When “Star Trek: Deep Space Nine” premiered in 1993, the science-fiction franchise whose legacy it extended was — like most of primetime television — episodic. The original “Star Trek” effectively hit the reset button at the beginning of each episode, sending Kirk, Spock, Bones and company on an all-new adventure. Its successor, “The Next Generation,” flirted with serialization, showing the ramifications of certain episodes in later ones, but ultimately adhered to the original’s episodic nature.
“Deep Space Nine,” about a remote outpost at the foot of a wormhole in space, was different. From the beginning, the series made clear that certain storylines would run throughout. (It is the only “Star Trek” to begin with a prophecy.) As it progressed over seven seasons, it transformed from a somewhat darker, more serialized version of previous “Trek” iterations to a serious-minded precursor to contemporary shows such as “Game of Thrones,” “The Walking Dead” and “Homeland.”
According to “DS9” showrunner Ira Steven Behr, the writers initially tried to make the show similar to other “Trek” series, but the results were not satisfying. Behr and David Zappone are co-directors of the documentary “What We Left Behind: Looking Back at ‘Star Trek: Deep Space Nine.’” The film, currently in post-production at Paramount, marks the series’ 25th anniversary and is slated for release in summer, 2018.
“We tried all these different types of things and none of them really seemed to work,” says Behr. “The standalone episodes just kind of bored the hell out of us for the most part. We were struggling. Then the episode that seemed to work at the end of season one had the double whammy of ‘Duet’ and ‘In the Hands of the Prophets.’ So by the end of season one, I felt that I had a handle on what the strength of this show was, which was building on this complicated backstory [creators] Michael [Piller] and Rick [Berman] had given the show.”
That particular style of storytelling did not sit well with everyone, though. Behr says when he tried to introduce interpersonal conflict during his time working on “TNG,” “Star Trek” creator Gene Roddenberry “handed me my head.”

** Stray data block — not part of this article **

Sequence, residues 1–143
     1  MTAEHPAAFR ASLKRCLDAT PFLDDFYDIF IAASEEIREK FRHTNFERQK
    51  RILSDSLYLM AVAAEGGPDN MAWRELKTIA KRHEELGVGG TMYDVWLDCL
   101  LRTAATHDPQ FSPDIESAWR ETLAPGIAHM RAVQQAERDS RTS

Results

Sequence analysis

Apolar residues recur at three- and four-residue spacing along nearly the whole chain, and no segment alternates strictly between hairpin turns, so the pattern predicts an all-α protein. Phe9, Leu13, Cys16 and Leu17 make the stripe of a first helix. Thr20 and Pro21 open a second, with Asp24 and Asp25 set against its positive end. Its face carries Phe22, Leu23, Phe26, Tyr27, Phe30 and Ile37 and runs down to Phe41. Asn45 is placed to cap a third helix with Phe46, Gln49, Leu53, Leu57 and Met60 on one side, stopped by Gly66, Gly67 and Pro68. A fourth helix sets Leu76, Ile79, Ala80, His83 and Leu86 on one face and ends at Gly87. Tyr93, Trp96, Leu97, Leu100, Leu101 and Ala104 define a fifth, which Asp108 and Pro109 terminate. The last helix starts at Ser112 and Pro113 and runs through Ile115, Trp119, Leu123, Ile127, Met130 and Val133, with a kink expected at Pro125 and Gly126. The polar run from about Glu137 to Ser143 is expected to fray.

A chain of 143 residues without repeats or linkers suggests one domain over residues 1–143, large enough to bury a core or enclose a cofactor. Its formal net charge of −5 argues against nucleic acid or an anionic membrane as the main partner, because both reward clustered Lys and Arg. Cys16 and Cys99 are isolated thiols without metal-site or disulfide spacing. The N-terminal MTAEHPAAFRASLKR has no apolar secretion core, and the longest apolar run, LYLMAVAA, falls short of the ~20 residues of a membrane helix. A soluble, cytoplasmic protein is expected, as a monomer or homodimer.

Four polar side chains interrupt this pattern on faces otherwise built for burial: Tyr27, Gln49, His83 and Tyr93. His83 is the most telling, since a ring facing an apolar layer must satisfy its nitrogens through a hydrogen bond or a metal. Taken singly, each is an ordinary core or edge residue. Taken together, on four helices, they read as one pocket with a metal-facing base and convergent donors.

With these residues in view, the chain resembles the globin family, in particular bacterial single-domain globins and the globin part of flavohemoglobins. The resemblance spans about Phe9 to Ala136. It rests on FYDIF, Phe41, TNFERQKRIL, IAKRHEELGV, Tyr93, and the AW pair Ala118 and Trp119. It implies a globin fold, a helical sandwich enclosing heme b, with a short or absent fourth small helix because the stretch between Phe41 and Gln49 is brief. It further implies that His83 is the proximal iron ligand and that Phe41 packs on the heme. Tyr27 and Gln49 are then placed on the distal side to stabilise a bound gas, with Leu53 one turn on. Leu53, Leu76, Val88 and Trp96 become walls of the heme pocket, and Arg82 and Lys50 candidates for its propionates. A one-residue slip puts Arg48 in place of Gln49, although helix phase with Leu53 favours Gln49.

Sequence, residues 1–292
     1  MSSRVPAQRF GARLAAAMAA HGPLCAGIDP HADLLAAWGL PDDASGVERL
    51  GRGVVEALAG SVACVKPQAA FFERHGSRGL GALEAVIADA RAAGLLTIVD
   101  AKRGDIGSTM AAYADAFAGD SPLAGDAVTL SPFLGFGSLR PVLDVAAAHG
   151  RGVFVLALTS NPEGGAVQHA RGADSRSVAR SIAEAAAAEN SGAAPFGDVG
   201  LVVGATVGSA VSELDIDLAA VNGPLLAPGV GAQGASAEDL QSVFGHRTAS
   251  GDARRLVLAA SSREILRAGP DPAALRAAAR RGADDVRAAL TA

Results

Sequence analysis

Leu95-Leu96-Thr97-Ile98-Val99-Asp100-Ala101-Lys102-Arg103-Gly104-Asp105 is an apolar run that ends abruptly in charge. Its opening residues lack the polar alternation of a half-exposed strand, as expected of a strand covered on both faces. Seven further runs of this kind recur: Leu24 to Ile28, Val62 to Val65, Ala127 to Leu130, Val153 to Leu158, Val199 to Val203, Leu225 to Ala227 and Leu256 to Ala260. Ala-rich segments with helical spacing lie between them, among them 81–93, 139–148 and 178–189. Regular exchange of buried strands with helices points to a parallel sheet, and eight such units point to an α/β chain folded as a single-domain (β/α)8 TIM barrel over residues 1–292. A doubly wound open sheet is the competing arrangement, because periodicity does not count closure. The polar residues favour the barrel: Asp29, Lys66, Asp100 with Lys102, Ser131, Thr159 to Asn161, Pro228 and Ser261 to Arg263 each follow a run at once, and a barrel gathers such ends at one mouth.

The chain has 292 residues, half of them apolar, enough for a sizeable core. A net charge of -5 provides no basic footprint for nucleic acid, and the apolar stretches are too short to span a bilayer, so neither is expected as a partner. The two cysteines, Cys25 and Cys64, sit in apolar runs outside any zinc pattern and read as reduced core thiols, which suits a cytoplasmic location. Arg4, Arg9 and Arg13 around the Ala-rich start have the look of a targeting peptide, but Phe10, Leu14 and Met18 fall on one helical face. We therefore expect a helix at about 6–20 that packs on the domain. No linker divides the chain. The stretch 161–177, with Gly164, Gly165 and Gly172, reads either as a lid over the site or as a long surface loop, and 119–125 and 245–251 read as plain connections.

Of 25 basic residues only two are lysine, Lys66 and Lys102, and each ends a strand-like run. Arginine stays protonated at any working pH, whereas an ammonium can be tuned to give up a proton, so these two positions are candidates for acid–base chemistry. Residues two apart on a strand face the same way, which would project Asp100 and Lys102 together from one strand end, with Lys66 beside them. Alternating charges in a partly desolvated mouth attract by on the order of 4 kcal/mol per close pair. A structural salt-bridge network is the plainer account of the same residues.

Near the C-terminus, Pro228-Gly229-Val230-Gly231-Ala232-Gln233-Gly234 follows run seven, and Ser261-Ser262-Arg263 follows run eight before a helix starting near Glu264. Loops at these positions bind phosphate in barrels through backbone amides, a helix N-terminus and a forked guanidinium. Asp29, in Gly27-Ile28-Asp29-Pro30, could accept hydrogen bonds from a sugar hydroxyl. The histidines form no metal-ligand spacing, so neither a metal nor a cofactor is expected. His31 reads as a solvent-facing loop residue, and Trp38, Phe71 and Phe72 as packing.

“We all wanted conflict, but I just got into his crosshairs,” he says.
Roddenberry died in 1991. He had given his blessing to development of “DS9,” but held no sway over it.
“DS9” allowed “Trek” writers the chance to delve into that conflict like never before. Over the course of its run, the show tackled complex subject matter including the ethics of war, faith, cultural identity and the often subtle distinction between a freedom fighter and a terrorist in dark and surprising ways that the previous two series had not.
“I don’t think it was a coincidence that [‘DS9’s’ storytelling style] coincided with Ira Behr’s ascendancy,” says series star Alexander Siddig, who played Dr. Julian Bashir. “I think the great Michael Piller had an idea of where he wanted to go with the narrative, but it took the combination of Michel and Ira to really gel that. And Rick Berman was a great yes man. Any idea he thought was good, he would say, ‘Yes, try that.’ Rick broke the mold. He was the ultimate boss because he let Michael and Ira really try something pretty controversial at the time.”
|Chase Masterson and Aron Eisenberg (left), Rick Berman and Ira Steven Behr (top right), Terry Farrell and Michael Dorn (bottom right)
SHAYAN ASGHARNIA for Variety
But being different didn’t exactly translate to ratings gold. “DS9” never matched the viewership success of “TNG,” though one could also attribute that to such factors as the changing television landscape. Still, the show was by no means the pop-culture force its predecessors had been.